In his return to the National League Championship Series, Greinke delivered his vintage best, holding the Cardinals to two runs over eight innings of an eventual 3-2 Dodgers loss in Game 1. He struck out 10 batters and walked just one, proving -- if there was still some doubt -- that he belongs on this stage.
"That's why the game lasted as long as it did -- great starting pitching," Cardinals second baseman Matt Carpenter said. "Greinke did a great job."
Even the runs against Greinke might never have scored had Andre Ethier corralled Beltran's two-run double in the third. As it was, Ethier fumbled the ball as he met it and the center-field fence at about the same time, sullying Greinke's final line.
Everything else about that line was spectacular. Allowing only five baserunners in eight innings, Greinke became the third pitcher to strike out 10 or more Cardinals in a postseason game, and the first since the St. Louis Browns' Denny Galehouse in 1944.
"That was maybe the best game that I've ever caught in my life back there, as far as what I was receiving from him," catcher A.J. Ellis said. "He was in complete command on everything. He had both sides of the plate working, and that was the best curveball's probably been all season long. For me personally, that's what hurts the most about walking out without a win."
The win never came because of a three-batter stretch in the third that stuck Greinke with a no-decision. After striking out the first two batters of the inning, Greinke threw a fastball down and in that opposing pitcher Joe Kelly served into left field for a single. He then walked Carpenter after jumping ahead of him, 1-2, and gave up the double that Ethier could not corral.
"I knew that today was going to be a very difficult day because Greinke is a good pitcher," Beltran said. "After my first at-bat, I went to the video room to look at where the pitches were, because to me they felt like they were outside and right on the edges for strikes. So in my second at-bat, I had a little bit of an idea of how they were trying to pitch me. I was looking for a pitch out there."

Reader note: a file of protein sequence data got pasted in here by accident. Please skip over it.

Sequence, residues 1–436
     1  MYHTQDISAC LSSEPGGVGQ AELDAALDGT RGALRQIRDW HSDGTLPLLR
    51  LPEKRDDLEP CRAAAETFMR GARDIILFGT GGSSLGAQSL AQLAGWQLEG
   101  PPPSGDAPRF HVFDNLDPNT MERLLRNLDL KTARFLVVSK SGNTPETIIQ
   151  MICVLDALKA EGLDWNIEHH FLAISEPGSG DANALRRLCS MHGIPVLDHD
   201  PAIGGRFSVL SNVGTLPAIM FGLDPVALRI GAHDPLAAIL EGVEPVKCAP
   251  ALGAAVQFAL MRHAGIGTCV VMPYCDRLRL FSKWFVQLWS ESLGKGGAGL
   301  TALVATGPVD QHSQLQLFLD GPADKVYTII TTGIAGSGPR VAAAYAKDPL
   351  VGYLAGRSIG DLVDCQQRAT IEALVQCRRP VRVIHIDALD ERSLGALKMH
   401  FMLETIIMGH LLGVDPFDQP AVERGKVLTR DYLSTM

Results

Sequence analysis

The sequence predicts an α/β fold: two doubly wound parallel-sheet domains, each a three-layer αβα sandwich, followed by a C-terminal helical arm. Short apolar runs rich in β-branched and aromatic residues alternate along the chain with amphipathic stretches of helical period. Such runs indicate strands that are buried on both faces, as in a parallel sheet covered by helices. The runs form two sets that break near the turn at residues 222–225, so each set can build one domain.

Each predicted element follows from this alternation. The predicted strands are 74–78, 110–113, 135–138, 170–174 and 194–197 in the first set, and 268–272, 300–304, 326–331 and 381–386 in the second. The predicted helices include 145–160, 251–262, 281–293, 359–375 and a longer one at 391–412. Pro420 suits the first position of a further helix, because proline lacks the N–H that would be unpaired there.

Beltran smoked it, and that was that. Retiring eight straight prior to St. Louis' third-inning rally, Greinke set down another 10 of 11 after it. His fastball reached 95 miles per hour, his curveball dipped into the low 70s and his other primary pitches -- a sinker, changeup and slider -- all generated multiple swings and misses.
"For the most part I was good," said Greinke, who came into this postseason with a 6.48 ERA in three previous October starts with the Brewers. "But with two outs, I should have finished that inning before they scored any runs."
Though Greinke is not the Dodgers' No. 1 starter, that is only because teammate Clayton Kershaw is the NL's probable Cy Young Award winner. For most of the summer, Greinke also pitched like an ace, leading the league in winning percentage (.789) and ranking fourth in ERA (2.63).
So after using Kershaw on short rest to wrap up the NL Division Series earlier this week, Dodgers manager Don Mattingly was thrilled to turn to Greinke in Game 1 of the second round, knowing he could also use him in a potential Game 5 on regular rest.
Assuming the Dodgers reach that game at Dodger Stadium next week, they will hope only for a similar effort with different results.
"It was a tough game all-around," Greinke said. "Well-played by both teams. We just lost."